What Harper Got Wrong with the CUSO Rule Vote

What Harper Got Wrong with the CUSO Rule Vote


I wasn’t sure what I heard Chairman Todd Harper say at the September Board meeting was really said by him, so I waited until I could check it out when the meeting video was posted, and damned if I didn’t hear him right.

A bit of context first: on Thursday, October 21, the NCUA board voted 2-1 in favor of a new CUSO rule that will allow said organizations to originate any loan that a federal credit union might. Harper was vehemently against the rule, which fellow board members Kyle Hauptman and Rodney Hood had to force onto the agenda.

Let me say this first, I really like Todd. He was extremely generous with his time when, last year, he set up two calls to meet with both our CUSO’s executive team and a collection of CEOs from our partner credit unions. I think he’s a really smart guy and a patient listener. I also greatly enjoyed our time sharing stories from our common background as products of the gritty blue collar neighborhoods of Northwest Indiana, so count me flabbergasted by what he has said about the consequences of expanding the lending authorities of CUSOs.

Does he really believe that “this CUSO rule will be more likely to harm small credit unions, in the long run, than it is to help them”? Just exactly how does he think that small or de novo credit unions will ever reach a sustainable scale without the benefit of collaborative lending strategies? The very essence of the credit union philosophy isn’t just about members helping members, but extends to credit unions and their CUSOs helping each other as well.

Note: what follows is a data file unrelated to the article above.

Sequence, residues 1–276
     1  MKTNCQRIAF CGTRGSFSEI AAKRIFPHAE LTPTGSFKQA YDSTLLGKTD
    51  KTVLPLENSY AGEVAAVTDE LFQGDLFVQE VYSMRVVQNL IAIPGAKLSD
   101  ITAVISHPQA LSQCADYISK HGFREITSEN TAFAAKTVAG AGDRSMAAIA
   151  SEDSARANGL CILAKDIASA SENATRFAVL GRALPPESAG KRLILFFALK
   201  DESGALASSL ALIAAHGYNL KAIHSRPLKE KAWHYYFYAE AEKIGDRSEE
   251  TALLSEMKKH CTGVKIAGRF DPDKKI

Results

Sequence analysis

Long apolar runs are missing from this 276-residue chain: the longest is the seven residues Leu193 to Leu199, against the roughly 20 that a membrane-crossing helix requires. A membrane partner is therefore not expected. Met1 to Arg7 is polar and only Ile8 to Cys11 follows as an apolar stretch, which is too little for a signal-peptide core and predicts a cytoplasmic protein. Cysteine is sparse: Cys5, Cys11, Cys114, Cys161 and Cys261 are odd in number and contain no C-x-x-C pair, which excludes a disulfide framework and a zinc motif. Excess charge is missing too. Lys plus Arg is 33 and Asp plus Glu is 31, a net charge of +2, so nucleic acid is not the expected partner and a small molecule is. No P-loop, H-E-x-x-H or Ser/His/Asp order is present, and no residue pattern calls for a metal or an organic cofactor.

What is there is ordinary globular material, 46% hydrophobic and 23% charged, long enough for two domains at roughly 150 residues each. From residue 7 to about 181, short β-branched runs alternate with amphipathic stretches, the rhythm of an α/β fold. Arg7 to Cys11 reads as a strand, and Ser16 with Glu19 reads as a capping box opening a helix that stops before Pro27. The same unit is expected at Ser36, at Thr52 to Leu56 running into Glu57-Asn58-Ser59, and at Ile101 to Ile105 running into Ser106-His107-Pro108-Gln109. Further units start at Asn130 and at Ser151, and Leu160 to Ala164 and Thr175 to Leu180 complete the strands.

How can a small or even larger credit union hope to sustain their goals for member service if they ever have to say no to a member loan request because of liquidity limitations, when we know that there are available funding alternatives within our sizable national collaborative system of fellow believers? This is the very objective of CUSOs who have formed to support participation and shared funding strategies and subsequently also built teams of experts in specialized lending that all credit unions, except for the very largest, would ever hope to build or afford as internal staff. This is one of our truest collaborative advantages over commercial banks and it needs to be leveraged to a greater degree, not fall victim to senseless regulatory restrictions.

Or as my colleague Randy Karnes suggests in his blog, “Ninety percent of all credit union opportunities that will be sourced to credit union balance sheets and income statements will come from indirect outlets in the future—why not start with CUSOs as the major player in sourcing opportunities to credit unions?”

The Chairman says that this new CUSO rule is “the wrong rule at the wrong time.” He says that it will create a “Wild West of lending.” Where is the proof? What data can he share that collaborative lending strategies in any asset class, have ever created systemic risk to the deposit insurance fund? A fund that today protects a network of credit unions with record setting low levels of Camel 3 and below institutions and record level highs of capital and reserves?

I hope I can talk to him soon about why he has said these things about expanded CUSO lending authority. I hope that he knows that he already has all the oversight authority he needs to examine and evaluate these lending strategies when staff visits the credit unions who not only own these CUSOs but fund and participate in this vital strategy that allows all credit unions to not only better meet their members’ needs, but to survive in today’s competitive lending marketplace.

To borrow another phrase from Randy, I really don’t think he can convincingly tell me why I’m wrong.


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